In 1850, the depth of New York Harbor was between 10 and 20 feet. Today, the harbor is more than 50 feet deep. The change in the depth of one of the world’s largest natural harbors is the result of year-round harbor dredging that not only prevents the buildup of mud and sand at the bottom of the harbor, but actively and continually deepens the harbor.

According to Kate Ascher in The Worksmaintenance of New York harbor began in the mid-nineteenth century. The ships of New York’s original Dutch settlers and British consquerers might have navigated through the harbor without problems, but ships were getting bigger. Clipper ships became steamships, which required deeper channels for safer navigation. The entrance to New York Harbor at Ambrose Channel was first taken down to a depth of 30 feet in 1884. This successful dredging initiated a program of regular deepening at the channel, and at other heavy-trafficked shipping channels throughout the harbor.

Ships have only grown larger since then, and harbor dredging has only intensified to accommodate them. New York Harbor’s dredging process involves up to eighty pieces of dredging machinery, making for the largest concentration of dredging equipment ever assembled in America. New York also houses the largest barge-mounted dredge in the world, which can drill down to 65 feet, has a bucket the approximate size of a garbage truck, and is appropriately named “T-Rex.”

Soft or loose material on the harbor floor is removed by a clamshell bucket attached to a barge-mounted crane, which places the sediment on an scow that is carried to a final disposal site. The removal of rock is entirely different–and much more exciting and destructive. Drill boats are used to make holes in rock, 6 feet deeper than the intended rock removal depth and approximately 10 feet apart. The holes are then filled with a liquid explosive called Porvex. The rocks loosened from the resulting blast are collected by an excavator dredge. Survey boats are brought in to certify the new depth of the harbor or waterway.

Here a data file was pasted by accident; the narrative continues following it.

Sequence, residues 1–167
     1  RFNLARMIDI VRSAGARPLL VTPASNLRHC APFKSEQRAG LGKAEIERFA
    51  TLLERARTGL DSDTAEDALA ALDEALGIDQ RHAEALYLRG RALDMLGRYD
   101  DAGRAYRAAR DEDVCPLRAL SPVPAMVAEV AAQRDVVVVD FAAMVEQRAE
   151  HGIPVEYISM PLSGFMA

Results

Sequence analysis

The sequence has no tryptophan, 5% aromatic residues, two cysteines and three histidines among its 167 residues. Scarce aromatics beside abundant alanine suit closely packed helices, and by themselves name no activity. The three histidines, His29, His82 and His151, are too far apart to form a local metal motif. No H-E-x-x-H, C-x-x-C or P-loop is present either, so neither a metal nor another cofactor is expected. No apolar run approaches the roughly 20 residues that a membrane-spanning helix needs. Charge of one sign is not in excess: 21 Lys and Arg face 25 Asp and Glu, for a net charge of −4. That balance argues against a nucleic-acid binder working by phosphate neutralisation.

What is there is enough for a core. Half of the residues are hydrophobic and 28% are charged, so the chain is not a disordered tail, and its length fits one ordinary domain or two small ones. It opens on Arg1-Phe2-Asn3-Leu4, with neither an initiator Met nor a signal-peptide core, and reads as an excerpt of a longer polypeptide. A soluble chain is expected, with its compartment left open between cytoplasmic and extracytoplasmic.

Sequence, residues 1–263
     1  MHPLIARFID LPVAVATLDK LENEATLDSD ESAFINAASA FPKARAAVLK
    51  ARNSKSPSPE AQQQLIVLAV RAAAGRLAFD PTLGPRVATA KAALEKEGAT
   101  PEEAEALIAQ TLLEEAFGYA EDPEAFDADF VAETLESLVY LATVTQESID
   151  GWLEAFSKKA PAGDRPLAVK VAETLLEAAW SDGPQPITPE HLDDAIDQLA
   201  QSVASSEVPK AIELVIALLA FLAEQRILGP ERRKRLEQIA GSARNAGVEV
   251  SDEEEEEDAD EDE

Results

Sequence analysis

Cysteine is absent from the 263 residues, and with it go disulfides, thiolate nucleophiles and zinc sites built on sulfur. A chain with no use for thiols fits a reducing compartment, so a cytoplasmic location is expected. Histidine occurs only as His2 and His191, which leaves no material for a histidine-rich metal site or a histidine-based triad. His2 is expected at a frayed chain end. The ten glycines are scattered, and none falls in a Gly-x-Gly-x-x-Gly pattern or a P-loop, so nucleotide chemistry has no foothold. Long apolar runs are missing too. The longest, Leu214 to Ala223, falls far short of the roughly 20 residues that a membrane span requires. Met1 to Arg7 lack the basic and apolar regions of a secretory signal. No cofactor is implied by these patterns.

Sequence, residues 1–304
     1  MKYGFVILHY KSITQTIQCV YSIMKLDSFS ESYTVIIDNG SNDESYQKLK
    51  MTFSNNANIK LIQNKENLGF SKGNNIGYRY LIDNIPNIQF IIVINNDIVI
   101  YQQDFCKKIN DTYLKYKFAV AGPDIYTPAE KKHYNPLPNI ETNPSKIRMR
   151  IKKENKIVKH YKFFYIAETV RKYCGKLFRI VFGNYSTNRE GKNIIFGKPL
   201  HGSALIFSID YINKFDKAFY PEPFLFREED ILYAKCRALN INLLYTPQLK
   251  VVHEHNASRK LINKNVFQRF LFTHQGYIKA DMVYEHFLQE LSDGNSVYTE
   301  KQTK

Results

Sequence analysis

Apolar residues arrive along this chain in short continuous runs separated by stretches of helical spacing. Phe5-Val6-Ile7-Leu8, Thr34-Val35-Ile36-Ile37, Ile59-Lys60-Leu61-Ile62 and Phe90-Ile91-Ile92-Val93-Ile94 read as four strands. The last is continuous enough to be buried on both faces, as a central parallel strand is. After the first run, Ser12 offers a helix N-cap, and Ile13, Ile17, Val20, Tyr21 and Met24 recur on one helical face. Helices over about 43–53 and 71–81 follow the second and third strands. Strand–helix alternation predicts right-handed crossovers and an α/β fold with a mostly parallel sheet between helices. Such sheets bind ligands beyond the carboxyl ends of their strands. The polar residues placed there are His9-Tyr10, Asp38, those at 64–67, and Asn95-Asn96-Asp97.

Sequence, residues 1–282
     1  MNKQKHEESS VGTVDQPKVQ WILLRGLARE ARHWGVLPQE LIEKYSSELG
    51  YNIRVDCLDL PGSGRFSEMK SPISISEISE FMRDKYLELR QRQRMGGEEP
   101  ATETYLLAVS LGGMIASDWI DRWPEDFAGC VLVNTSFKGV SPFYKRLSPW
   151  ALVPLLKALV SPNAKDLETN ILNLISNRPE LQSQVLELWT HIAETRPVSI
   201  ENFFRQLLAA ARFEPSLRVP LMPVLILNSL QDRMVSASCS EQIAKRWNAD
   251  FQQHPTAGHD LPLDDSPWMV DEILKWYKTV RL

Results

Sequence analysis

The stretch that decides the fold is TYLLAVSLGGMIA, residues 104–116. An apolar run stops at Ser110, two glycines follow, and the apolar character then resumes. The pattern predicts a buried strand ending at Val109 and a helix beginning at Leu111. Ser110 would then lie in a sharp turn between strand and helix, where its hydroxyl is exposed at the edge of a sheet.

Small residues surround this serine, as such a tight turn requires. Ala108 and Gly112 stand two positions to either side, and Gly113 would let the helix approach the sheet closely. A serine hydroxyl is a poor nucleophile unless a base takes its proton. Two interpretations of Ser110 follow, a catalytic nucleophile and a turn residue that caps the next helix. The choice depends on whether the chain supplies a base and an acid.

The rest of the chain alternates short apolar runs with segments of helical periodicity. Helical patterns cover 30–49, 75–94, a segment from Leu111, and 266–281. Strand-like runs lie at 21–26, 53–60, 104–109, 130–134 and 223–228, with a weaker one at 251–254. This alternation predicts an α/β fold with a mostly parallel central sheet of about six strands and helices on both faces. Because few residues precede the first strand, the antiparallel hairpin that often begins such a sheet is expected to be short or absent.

Where does this sediment go? For years, it was dumped into the Atlantic. Later, to minimize damage to navigation and sediments washing up on beaches, the U.S. Army Corps of Engineers designated the beaches off of Sandy Hook, New Jersey as a “Mud Dump.” Today, before haphazardly dumping on the New Jersey coastline, dredged materials are tested for contaminants to determine what its use will be elsewhere. Clean sediment is utilized for shoreline stabilization and fishing reef creation, or used to cap contaminated underwater dump sites.

The Army Corps of Engineers’ Harbor Deepening Program, which started in the mid-1990s and will end in 2014, is estimated to dredge a volume of sediment equalling thirty Empire State Buildings. Its goal is to give East Coast ports the same capacity for holding large ships as deeper West Coast ports have had. When the project concludes, the amount of sand dredged in the Ambrose Channel will drop from over 3 million cubic yards to just 423,000 cubic yards per year. But there is always more to dredge–the city’s next project may be the channels of Staten Island.

Read more from our Cities 101 series about how stuff works in the city. Additional reporting by Wesley Yiin